The 18-year-old white man accused of killing 10 people — all of them Black — and wounding three others in a western New York State grocery store has been indicted on murder and terrorism charges by a state-level grand jury, according to an online court docket and multiple news reports.
Payton S. Gendron is accused of driving to Buffalo from the town of Conklin, New York, near Binghamton to carry out the mass murder on May 14. Wearing body armor and armed with a high-powered rifle, he killed 10 Black people and injured three more people outside and inside the supermarket, officials say. Two of three surviving victims are white; one is Black. Gendron is said to have livestreamed the shooting spree on the website Twitch.
Citing an online screed, the authorities have alleged that Gendron targeted his victims because of their race. He also allegedly targeted the specific venue — a Tops market about three and a half hours from his home — specifically because of its predominantly Black clientele.
Gendron is also said by store staff to have appeared at the market in the past and to have taunted them for working there.
According to an online court docket reviewed by Law&Crime, the first count in the new indictment alleges domestic terrorism. The second through 11th counts (ten in total) allege first-degree murder (involving multiple victims). The 12th through 21st counts (again, ten in total) allege second-degree murder (with intent and as a hate crime). The 22nd through 24th counts (three in total) allege attempted second-degree murder (with intent and as a hate crime). The 25th and final count alleges second-degree criminal possession of a weapon/loaded firearm other than a handgun.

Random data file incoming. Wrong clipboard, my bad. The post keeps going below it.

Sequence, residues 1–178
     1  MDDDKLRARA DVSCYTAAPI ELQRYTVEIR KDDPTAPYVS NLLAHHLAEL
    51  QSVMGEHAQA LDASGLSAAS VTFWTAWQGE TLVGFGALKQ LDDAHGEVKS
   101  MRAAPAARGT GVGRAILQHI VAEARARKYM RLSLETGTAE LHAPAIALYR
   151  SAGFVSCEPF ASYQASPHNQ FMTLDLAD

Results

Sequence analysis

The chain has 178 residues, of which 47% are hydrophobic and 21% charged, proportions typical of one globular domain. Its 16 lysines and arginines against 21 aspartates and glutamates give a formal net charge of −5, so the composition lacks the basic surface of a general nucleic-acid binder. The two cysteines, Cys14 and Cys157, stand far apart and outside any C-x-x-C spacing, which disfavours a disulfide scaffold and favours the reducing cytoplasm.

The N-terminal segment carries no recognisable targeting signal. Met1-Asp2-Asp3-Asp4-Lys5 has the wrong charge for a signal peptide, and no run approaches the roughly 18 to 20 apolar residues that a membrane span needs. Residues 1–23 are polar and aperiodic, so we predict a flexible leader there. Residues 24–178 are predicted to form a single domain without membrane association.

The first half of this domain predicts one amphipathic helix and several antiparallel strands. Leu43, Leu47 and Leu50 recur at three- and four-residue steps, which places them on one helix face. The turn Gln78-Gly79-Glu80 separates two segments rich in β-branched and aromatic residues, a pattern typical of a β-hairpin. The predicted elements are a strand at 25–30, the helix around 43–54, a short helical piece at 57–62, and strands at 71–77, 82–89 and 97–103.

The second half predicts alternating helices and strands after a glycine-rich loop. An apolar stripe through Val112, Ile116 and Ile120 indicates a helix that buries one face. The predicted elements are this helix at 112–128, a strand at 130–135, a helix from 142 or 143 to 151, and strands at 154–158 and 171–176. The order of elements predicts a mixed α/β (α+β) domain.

Gendron is scheduled to be arraigned on the expansive list of charges at 2:00 p.m. on Thursday, according to the court docket.
The new indictment is a significant yet expected upgrade from an earlier charging instrument. Gendron was previously accused of a single count of first-degree murder. That count was, in essence, a placeholder for the additional charges that the authorities promised to bring within hours of the shooting. The process of laying out all of the evidence necessary in order to obtain the full indictment was a likely cause for the delay in bringing the full slate of accusations against Gendron.
The Erie County District Attorney’s Office confirmed to The Hill that the grand jury voted to indict but declined to provide the specific charges or a copy of the requisite paperwork because the defendant had not been arraigned — and because of an “agreement regarding [a] gag order filed by the defense,” the website reported.
Defense attorney Brian Parker, who is representing Gendron, declined to comment to The Associated Press on similar grounds: a judge barred both sides from talking about the case publicly outside court.
The AP noted that former New York Gov. Andrew Cuomo (D) proposed the domestic terrorism hate crime charge under which Gendron is accused. The law, which is dubbed the Josef Neumann Hate Crimes Domestic Terrorism Act, was named after a rabbi who was attacked in his home. The law was proposed, however, after a mass shooter attacked a Walmart in El Paso, Texas, on Aug. 3, 2019. Cuomo signed the law on April 3, 2020, and it took effect on Nov. 1, 2020, the AP recalled.
The case is currently listed as number IND-71645-22 in Erie County.
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